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American Bar Association - Defending Liberty, Pursuing Justice

March 2008

Vol. 4, No. 2

Estate Planning

 

Fido, Stay! With Me! Pet Trusts and Pet Protection Documents

The greatness of a nation and its moral progress can be judged by the way its animals are treated.

—Mahatma Gandhi (1869–1948)

The first question in pet protection documents is “who owns the pet?” Why is that so important? Well, get divorced or split from your domestic partner or roommate and see! Because pets are classified as property in the eyes of the law, they are often the foundation of long court battles. So, it’s a good idea to have an agreement governing ownership.

Pet owners can now create legally recognized and enforceable instruments that preserve the continuity of care for pets when their owner is unable to care for them or dies.

Today, American homes house more than 88 million cats and 75 million dogs and treat pets more like family than ever before. Because pets are an essential part of their owners’ lives, it is not uncommon to find animals traveling with their owners as well as sharing their beds. In 2007, Americans spent an astounding $41 billion a year on their pets and by 2010 are expected to spend $52 billion yearly.

Sadly, pet owners often do not address the crucial issue of who will care for their pets when they are no longer able to do so. The consequences of failing to provide for a pet’s transitioning and continuing care can be harsh.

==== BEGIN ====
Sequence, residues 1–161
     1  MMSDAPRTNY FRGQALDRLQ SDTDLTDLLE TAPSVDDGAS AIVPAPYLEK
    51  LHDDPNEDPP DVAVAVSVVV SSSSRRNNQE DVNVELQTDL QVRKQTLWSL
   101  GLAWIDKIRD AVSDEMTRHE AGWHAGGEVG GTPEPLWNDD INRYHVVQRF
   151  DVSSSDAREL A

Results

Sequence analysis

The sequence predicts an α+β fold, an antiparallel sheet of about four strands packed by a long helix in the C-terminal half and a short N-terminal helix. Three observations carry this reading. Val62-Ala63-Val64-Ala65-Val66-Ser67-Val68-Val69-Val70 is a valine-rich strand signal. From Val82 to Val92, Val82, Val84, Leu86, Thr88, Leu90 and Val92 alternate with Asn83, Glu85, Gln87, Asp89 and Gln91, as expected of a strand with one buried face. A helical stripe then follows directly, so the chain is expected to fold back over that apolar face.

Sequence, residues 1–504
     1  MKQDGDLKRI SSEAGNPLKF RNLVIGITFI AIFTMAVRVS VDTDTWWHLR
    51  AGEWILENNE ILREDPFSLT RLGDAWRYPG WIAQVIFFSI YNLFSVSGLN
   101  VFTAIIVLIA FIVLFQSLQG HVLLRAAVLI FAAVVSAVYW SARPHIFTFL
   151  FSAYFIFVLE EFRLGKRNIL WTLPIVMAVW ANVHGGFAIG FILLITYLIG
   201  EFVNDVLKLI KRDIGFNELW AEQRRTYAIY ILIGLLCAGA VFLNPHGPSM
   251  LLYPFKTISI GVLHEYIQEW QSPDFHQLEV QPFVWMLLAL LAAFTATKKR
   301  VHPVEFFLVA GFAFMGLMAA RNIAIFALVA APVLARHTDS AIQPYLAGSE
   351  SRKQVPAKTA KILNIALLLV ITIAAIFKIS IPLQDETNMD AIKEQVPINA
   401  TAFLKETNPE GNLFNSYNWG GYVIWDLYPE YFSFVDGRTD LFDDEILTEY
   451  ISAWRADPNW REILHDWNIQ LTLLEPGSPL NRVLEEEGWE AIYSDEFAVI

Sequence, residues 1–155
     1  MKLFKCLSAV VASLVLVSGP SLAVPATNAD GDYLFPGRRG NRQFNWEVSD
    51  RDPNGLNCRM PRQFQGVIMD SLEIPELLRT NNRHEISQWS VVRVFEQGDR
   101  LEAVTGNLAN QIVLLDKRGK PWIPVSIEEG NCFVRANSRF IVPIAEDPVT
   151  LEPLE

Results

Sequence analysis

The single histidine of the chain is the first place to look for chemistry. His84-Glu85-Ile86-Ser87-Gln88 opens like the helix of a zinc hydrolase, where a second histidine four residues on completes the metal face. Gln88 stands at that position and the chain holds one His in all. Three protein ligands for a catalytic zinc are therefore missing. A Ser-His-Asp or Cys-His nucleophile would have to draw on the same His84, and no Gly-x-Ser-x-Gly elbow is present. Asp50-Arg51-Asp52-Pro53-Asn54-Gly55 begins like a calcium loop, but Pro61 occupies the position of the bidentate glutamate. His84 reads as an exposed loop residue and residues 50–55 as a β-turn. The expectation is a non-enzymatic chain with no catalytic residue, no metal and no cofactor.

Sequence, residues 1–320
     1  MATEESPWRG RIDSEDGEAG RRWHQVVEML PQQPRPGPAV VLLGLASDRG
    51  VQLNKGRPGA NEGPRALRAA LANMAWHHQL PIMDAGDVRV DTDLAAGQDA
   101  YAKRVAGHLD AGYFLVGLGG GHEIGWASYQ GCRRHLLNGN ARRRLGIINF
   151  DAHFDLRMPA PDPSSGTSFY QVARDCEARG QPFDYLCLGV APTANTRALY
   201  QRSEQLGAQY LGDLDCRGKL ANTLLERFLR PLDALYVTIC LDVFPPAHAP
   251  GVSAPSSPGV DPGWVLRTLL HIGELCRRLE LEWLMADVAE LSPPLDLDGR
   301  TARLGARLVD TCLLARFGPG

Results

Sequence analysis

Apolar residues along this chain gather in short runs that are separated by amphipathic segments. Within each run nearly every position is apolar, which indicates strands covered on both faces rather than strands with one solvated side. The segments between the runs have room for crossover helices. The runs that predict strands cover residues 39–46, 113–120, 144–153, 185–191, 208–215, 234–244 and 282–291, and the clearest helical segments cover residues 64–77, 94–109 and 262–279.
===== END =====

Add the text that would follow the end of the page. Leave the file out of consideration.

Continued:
Too often, the pet will end up with neither a home nor a family. Although in some instances family or friends consider the pet a dear member of the household, and will continue to care for the pet, in most cases there is no one left who is able or willing to care for the pet. Generally, pets end up in shelters where in 2007 almost four million dogs and cats were euthanized—nearly 9,600 per day.

In either circumstance, the owner may feel more secure with an enforceable document than with a pledge or handshake as the foundation for a pet’s continued care. Additionally, because pets are property, ownership and the transition thereof makes the switch smoother for all involved with an official record of the owner’s intent.

Types of Pet Protection Documents

The Pet Trust

A pet trust provides detailed pet care instructions and directs the disbursement and management of the fund in the trust throughout the pet’s life. This allows the pet owner to control amounts and schedule of disbursements.

One of the best reasons to establish a pet trust is that a pet trust can help keep the pet and owner together, whether the owner requires in-home care or moves to an assisted living facility or nursing home.

A further benefit of establishing a pet trust is that the trust funds will not be subject to probate. Therefore, the pet’s care is not delayed by court action or inaction. Furthermore, because they are not subject to probate, pet trusts are not public documents.

Wills, Health Care Proxies, and Powers of Attorney

The efficacy of pet trusts and estate planning documents that include pet protection can be enhanced by drafting wills, health care proxies, and powers of attorney with enforceable provisions concerning the care of animal companions. It is important to keep in mind that wills operate only after the pet owner’s death, while health care proxies and powers of attorney operate only before a pet owner’s death. By contrast, pet trusts operate both during the pet owner’s life and after the pet owner’s death.